By Paul Pannone
The growing discussions and debate involving Internet piracy continues to move ahead leading to other areas uncovered by members of the Wedding Water Cooler. Group members picking up tidbits of information along the way share their thoughts in a private forum. Some of the ideas and statements shared with you, our valued readers, are to make you aware of what’s going on.
Last week several statements got quoted and influenced other segments of the wedding business, warning of impending problems of new phenomena like Pintrest. Event stylist and Water Cooler member Khalilah Olokunola shared information about Pintrest’s policy and added she would be very careful of using the latest craze.
“I bet I won’t pin any of my ideas or images especially when that gives Pintrest the right to profit from them not me,” says Khalilah.
Khalilah Olokunola told the Wedding Water Cooler she’s not ready to give Pintrest– or anyone– the right to profit from her work.
The discussions in WWC are broadening to other areas of thievery, all identified and classified under the same unscrupulous but unstoppable acts now ravaging American society. The troubles, featured in a detailed description by Jim Duhe, says the problem is nothing new, while alluding they’re unsolvable unless drastic action and government intervention takes place. In his statement Duhe points the finger at forums and newsgroups that accept advertising dollars, look the other way and perpetuate the problem.
“There’s an internet retailer who offers counterfeit goods through an ad on the Huffington Post. The ad includes an image created by Allure Bridal. The image is pirated — published without Allure Bridal’s consent. A bridal retailer complained to the Huffington Post about the ad and was advised that the problem would be addressed. The ad remained on the site as of two days ago. Allure has been notified and probably has taken legal action by now. One problem down; hundreds more to go.
The Huffington Post, like Google, like eBay, like any number of sites — would have the public believe that they would never willingly accept ads from counterfeiters. Unfortunately, ads placed on these reputable sites lend credibility to the claims of the counterfeiters. Huffington Post, et.al., argue that they don’t have the time or expertise to police the content of every ad included on the site. Meanwhile, people who live in the real world know that the number of sites that allow all sorts of counterfeit merchandise ads is growing — not shrinking. There are counterfeit gown ads on the majority of the bridal blog sites. In my opinion, counterfeit merchandise advertisers represent revenue — plain and simple. The Huffington Post and others won’t walk away from the ad revenue voluntarily. Don’t expect Google, Huffington Post, or any other major internet resource to react to complaints about counterfeit bridal apparel in the same way that Bridal Guide or any other bridal magazine would.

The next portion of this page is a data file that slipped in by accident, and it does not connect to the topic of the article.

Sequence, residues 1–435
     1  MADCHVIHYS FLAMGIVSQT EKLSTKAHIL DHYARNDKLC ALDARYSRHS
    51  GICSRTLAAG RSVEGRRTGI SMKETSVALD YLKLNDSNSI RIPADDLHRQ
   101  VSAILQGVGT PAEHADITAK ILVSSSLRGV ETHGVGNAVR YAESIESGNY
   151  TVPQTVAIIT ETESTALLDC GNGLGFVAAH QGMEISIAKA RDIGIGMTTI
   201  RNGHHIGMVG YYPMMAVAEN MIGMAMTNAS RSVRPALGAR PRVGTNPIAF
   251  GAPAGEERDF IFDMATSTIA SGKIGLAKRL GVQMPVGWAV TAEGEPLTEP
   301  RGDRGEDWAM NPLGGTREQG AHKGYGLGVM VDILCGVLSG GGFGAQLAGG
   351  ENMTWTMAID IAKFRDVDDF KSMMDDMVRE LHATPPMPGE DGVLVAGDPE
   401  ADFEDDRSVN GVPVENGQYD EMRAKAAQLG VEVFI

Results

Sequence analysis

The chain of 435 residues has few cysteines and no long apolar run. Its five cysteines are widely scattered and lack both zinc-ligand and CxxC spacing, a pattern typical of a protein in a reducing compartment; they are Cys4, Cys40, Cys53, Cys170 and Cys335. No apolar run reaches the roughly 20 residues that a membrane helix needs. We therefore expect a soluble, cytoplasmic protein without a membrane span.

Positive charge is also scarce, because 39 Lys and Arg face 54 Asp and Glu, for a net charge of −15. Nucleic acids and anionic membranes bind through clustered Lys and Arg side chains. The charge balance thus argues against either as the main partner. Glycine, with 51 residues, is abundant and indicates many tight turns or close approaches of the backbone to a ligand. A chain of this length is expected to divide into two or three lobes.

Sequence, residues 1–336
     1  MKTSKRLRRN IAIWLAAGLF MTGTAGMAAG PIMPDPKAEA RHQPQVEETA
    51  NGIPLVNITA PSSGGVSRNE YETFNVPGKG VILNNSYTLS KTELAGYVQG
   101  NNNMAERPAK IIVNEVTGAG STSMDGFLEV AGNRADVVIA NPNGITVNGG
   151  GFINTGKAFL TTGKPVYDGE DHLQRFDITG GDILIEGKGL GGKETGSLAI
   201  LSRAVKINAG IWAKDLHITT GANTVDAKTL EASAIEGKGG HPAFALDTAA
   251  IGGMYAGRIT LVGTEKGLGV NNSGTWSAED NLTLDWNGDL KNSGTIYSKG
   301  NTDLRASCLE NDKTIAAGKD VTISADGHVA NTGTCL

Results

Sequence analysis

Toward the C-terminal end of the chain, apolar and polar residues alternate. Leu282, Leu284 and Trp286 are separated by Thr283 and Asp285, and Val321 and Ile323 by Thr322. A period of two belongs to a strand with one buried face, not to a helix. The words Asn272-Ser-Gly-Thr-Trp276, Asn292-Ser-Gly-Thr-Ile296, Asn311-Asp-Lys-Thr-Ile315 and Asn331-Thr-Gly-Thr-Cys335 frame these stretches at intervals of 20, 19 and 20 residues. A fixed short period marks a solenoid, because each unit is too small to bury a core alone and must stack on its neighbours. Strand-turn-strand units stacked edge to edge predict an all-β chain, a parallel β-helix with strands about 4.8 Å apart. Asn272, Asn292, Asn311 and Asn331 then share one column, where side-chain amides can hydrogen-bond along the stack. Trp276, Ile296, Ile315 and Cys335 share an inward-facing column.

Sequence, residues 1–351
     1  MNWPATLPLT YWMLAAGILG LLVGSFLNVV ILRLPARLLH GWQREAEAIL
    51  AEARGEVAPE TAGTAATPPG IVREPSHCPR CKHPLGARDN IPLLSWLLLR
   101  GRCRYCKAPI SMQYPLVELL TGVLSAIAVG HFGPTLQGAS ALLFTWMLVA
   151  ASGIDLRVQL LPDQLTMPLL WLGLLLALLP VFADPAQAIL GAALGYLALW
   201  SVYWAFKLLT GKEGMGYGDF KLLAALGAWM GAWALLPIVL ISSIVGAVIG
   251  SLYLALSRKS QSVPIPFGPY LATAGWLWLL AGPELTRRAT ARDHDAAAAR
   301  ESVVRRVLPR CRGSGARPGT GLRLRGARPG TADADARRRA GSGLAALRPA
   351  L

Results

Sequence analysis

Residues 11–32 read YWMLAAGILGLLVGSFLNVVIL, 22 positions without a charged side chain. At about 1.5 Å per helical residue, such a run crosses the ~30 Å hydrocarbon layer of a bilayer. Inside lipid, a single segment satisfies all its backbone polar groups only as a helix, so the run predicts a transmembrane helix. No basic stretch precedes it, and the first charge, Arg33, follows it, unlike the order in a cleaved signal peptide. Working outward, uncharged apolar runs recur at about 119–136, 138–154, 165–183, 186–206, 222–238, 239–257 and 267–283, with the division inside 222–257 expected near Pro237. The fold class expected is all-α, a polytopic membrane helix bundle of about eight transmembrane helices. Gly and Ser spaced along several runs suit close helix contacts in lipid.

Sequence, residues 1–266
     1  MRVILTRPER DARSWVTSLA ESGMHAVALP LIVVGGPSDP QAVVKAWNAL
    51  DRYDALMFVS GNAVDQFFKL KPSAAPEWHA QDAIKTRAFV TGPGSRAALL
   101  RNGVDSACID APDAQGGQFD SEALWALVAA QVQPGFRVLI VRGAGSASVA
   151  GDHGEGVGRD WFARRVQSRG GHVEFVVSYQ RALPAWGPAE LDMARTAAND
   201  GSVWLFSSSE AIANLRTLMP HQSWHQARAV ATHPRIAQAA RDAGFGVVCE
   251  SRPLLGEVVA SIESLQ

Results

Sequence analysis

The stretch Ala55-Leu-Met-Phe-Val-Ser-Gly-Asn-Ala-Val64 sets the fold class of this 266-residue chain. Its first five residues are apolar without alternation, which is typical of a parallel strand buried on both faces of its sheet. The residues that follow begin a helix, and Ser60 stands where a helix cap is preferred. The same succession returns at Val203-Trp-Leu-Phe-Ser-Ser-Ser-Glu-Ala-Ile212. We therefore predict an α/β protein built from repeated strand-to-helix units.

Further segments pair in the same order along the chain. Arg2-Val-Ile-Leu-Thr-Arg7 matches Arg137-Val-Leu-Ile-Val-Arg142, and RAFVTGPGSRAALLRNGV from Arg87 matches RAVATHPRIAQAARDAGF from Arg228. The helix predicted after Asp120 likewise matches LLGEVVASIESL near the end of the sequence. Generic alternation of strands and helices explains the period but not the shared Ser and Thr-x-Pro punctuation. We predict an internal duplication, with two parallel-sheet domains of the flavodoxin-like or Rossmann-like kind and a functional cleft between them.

It’s unlikely that anything will change until there is legislation to protect consumers and businesses against the counterfeit problem. Even when laws are in place, however, there is no guarantee of redress. The sale of counterfeit copies of name brand handbags, for example, has been illegal for years. However, there are vendors on every other street corner in Manhattan selling counterfeit handbags year after year. There are retail stores that specialize in selling counterfeit merchandise in downtown Manhattan. These people are operating in plain sight. If I can identify them, there’s no reason why the police can’t find them. More importantly, the police should have no problem arresting them. Regardless, counterfeit merchandise vendors show up on the same street corners day after day — year after year – as if it’s a permanent, full-time job with a retirement plan. Retail store fronts are open daily to sell counterfeit merchandise. Who is there to stop them?
The example discussed on NBC (recently) had to do with the production and sales of counterfeit Rosetta Stone DVDs. However, there’s no theoretical difference between a counterfeit DVD and a counterfeit handbag or “replica” bridal apparel. Yes. There are distinct quality differences between the original and the copies. Yes. There are substantial financial risks to the consumer. Yes. There’s an issue with lost sales tax and tariffs. Yes. There are all sorts of copyright infringement legalities. However, the internet remains the Wild, Wild West.
Huffington Post, Google, eBay and anyone else can ignore a random complaint. That’s the point. The laws regarding this sort of thing are still fuzzy. One site closes on Monday — another opens on Tuesday. I’m suggesting that no one can ignore thousands of complaints. It’s important for us to stand together in launching complaints against counterfeiters,” according to Duhe.
So far an ongoing eWedNewz poll shows an overwhelming majority (88%) of respondents so far say it’s not right to take anything and claim it as your own. What do you say?
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